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JOURNAL OF RESEARCH IN NATIONAL DEVELOPMENT VOLUME 8 NO 2, DECEMBER, 2010


 

AN EVALUATION OF THE EFFECT OF ARMED ROBBERY

ON NIGERIAN ECONOMY

 

Peter Emeka Arinze

Department of Management Sciences, University of Jos, Jos,Nigeria

E-mail:arinzee@unijos.edu.ng

Abstract

This study contends that neither unemployment rate (UER), per capital income (PCI) nor inflation rate (IFR) has an impact on the incidence of armed robbery in Nigeria.  It is the desire of this research to establish an empirical framework within which the role of economic variables on the incidence of armed robbery will be better understood.  The objective of this research is to explore the role of economic factors in criminal behaviour using available data on armed robbery in Nigeria. The research is essentially descriptive and historical.  Data for the research has been collected from publications of the Federal Office of Statics, the Central Bank of Nigeria, the Nigeria Police Force Annual Reports and miscellaneous sources.  The study revealed that unemployment is responsible for the largest proportion of armed robbery causes in Nigeria.  It also found that the relatively high rate of inflation, which eroded real incomes, also has some impact on the armed robbery in Nigeria.  The study concluded that criminal justice system in Nigeria does not do a highly effective job of increasing the private cost to criminals.

 

Keywords:Armed, robbery, economy, effects

 

Introduction


In any form, which is devoted to a discussion of the crime problem, one is likely to hear a great deal about the present “armed robbery crisis”. 

United Nations report in 1993 stated that for every 100 Nigerians, 40 are criminals (UN 1994).  Whether the report is accurate or not, the problem of eradicating crime in Nigeria in the 1970s, 1980s, 1990s and 2000s was a big task for the police, as it was years criminals of all shades emerged in Nigerian towns and cities in full force and threatened the peace and economic life of many citizens.  As a result, curfew was imposed and movements were restricted into certain areas at a given time.  The present crime crisis is never pictured as being simple.  It is represented as a complex combination of several interlocking problems.  The civil war and its aftermath the demobilization of serving military personnel in 1970 and recently economic crisis provided a basis for the violent crime of armed robbery which has graduated to a daily occurrence, plus Nigeria’s structural adjustment programme could not disassociate from the emergence of the high crime rate, accordingly, the paragraphs, which follow are devoted to an examination of several aspects of the armed robbery crisis.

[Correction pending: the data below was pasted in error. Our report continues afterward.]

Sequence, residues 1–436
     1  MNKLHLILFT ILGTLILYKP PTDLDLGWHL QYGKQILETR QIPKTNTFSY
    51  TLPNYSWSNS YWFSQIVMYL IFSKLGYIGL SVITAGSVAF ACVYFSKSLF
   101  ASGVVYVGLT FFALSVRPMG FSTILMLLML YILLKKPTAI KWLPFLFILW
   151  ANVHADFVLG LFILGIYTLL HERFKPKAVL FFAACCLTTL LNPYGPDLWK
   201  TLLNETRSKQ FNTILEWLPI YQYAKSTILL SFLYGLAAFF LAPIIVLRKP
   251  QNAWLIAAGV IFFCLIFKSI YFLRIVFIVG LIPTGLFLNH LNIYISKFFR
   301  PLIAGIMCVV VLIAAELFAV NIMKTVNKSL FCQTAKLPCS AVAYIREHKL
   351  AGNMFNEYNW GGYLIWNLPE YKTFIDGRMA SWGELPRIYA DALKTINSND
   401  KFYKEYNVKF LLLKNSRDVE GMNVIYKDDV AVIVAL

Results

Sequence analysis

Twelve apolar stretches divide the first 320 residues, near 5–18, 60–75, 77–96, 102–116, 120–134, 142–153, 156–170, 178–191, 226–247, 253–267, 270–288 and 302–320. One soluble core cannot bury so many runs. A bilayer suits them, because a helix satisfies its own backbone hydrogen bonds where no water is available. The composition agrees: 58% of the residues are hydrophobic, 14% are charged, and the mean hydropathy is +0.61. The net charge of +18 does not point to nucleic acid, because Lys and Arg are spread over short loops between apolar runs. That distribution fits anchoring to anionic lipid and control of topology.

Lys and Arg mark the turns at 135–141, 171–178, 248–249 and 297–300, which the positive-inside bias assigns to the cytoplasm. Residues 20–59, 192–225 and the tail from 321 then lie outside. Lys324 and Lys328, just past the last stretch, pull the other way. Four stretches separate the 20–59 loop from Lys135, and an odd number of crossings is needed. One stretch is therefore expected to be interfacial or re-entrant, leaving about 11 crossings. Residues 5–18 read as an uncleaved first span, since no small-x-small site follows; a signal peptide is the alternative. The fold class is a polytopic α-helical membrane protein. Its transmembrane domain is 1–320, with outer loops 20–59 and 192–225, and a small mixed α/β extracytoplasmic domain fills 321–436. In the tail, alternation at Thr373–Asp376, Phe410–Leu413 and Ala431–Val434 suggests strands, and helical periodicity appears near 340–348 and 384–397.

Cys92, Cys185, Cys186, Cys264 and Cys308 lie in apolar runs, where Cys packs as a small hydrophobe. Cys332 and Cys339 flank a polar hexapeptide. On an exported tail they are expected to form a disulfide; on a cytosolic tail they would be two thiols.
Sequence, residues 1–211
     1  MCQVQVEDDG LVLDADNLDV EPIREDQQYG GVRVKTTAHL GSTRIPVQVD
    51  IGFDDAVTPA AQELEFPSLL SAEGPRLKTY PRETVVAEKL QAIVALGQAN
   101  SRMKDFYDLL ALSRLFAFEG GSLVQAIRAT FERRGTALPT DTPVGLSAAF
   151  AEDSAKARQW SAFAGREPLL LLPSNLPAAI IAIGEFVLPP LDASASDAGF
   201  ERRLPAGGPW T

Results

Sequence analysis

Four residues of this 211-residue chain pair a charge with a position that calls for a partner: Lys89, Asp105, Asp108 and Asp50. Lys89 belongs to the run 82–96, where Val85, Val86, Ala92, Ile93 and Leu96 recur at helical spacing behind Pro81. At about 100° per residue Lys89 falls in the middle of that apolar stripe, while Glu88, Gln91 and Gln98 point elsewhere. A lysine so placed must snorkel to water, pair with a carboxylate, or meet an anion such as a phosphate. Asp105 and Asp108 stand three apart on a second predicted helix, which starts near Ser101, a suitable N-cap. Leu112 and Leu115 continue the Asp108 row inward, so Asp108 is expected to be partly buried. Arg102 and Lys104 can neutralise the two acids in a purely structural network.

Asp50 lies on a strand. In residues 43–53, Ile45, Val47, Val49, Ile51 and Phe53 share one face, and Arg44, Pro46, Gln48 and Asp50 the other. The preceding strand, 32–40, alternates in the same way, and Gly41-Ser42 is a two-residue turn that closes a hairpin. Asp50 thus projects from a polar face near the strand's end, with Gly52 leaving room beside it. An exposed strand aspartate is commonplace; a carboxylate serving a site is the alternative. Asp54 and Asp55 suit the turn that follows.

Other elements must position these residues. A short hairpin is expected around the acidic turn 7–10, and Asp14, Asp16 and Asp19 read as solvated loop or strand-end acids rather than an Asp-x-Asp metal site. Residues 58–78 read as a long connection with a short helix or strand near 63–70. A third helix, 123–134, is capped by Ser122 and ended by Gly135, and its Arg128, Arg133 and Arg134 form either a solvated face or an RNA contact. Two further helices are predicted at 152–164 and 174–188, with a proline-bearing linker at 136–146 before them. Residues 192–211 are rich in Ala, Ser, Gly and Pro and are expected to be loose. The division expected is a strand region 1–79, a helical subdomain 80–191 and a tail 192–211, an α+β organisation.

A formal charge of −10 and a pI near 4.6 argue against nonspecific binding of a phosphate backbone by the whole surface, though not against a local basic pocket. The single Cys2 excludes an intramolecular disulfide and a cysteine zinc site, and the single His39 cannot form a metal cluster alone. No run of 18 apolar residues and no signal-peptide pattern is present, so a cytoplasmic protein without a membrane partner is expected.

Thus, in less developed societies like Nigeria, crime has become a booming industry with about two hundred million dollars annual turnover.  The industry provides employment to thousands of youths and adults for whom orthodox opportunities are not available, and to whom alternative sources of income are absent.  Along with activities like prostitution, the crime industry belongs to that sector of the economy known as the “underground economy” with the following economic characteristics: Time Magazine (1981).

(a)                Its organisation is informal as it is not recognised by law.  Hence there exists problem of identification of the size of the population involved.

(b)               It exhibits the characteristics of a perfect market with demand for and supply of criminals not subject to barriers of entry and exit.

(c)                Investment in criminal activity is a high risk investment, and the returns are also high, when it is successful.